DSB used the ‘at the glass’ recording of the primary radar of Rostov (Russia) to determine that no other aircraft besides three civil airliners were in the vicinity of MH17. At the glass means that a video recording was made of the radarscreen as seen by the air traffic controller. The other method of saving radar data is raw recording. This method of recording saves all unfiltered radar returns, including returns from objects to small to be of interest for air traffic control purposes.
However, DSB never states in the final report that radar has a horizon. Aircraft flying below the horizon on a radar cannot be detected. The horizon of the radar depends on characteristics like height of the radar antenna, power of the signal and distance from radar antenna to the target.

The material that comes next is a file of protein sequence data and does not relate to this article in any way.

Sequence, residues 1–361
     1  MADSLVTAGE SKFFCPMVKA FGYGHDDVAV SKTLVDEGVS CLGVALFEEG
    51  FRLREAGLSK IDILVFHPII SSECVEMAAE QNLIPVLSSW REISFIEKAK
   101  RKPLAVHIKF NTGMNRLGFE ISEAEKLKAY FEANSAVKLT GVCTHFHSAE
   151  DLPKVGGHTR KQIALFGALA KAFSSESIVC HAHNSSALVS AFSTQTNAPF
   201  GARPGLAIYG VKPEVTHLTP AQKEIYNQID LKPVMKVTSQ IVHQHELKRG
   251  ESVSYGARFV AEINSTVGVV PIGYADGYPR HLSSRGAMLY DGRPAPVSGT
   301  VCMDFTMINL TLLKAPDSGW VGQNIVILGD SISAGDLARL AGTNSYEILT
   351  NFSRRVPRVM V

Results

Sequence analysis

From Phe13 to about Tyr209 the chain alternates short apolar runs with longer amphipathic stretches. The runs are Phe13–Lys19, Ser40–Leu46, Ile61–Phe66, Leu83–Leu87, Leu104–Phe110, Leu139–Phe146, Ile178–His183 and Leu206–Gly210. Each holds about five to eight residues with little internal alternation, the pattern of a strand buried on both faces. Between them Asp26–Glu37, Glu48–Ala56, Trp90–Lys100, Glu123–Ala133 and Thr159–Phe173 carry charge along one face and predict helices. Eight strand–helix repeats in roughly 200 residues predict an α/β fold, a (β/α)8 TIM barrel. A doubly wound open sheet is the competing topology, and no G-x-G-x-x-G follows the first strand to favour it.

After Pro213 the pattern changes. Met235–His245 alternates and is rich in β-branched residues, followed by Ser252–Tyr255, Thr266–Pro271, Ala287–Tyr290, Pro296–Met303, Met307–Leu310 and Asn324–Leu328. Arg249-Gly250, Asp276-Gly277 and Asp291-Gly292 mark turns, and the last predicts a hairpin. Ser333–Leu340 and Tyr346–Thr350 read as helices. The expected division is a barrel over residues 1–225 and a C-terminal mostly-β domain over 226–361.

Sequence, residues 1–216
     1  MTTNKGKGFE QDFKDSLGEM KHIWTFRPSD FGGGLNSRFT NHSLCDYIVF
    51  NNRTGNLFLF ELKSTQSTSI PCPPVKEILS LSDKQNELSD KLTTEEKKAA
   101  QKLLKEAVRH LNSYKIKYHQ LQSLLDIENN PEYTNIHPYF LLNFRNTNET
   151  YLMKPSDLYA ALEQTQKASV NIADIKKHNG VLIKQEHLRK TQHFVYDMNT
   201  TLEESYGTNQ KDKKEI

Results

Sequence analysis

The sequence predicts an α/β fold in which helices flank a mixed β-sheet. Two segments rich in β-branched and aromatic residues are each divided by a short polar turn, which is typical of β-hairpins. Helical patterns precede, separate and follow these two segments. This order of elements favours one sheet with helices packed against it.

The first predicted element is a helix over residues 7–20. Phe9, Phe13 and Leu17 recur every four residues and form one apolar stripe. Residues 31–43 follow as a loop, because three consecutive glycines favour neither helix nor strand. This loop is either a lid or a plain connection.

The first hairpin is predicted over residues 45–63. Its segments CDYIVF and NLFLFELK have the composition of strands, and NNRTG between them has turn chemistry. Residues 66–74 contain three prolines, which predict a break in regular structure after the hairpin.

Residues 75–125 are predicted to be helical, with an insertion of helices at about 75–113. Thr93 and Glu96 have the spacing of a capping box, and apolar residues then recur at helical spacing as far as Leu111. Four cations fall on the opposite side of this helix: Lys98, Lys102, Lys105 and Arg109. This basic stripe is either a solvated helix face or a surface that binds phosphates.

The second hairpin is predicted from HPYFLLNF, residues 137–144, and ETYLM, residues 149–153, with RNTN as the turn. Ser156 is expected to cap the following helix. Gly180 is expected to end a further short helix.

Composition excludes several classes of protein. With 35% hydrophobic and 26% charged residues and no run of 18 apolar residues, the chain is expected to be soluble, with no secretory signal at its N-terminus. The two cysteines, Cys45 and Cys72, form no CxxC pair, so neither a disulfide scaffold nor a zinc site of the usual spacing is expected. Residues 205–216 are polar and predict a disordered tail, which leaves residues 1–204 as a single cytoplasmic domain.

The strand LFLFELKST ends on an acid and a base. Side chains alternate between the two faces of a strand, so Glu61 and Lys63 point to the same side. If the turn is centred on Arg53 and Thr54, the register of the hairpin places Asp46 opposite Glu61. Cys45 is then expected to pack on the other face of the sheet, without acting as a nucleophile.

For aircraft to be detected by Rostov radar the aircraft must be flying higher than around 2 km.
At page 128 of the final report DSB states : ‘in addition, for an air to air missile to have caused the damage found another aircraft would have to been recorded by at least primary radar’.
There are two objections to this DSB statement:
- DSB does not mention the horizon of Rostov radar anywhere in the report. The report suggests: not on radar so no military jet near MH17.
- Many air to air missiles can hit a target when the fighter aircraft is flying many km below the target. For example the R-27 has a maximum allowed vertical separation of +/-10 km
While it is very unlikely the R-27 was the missile that shot down MH17, DSB should have been clear about the radar horizon of Rostov and capabilities of the missile.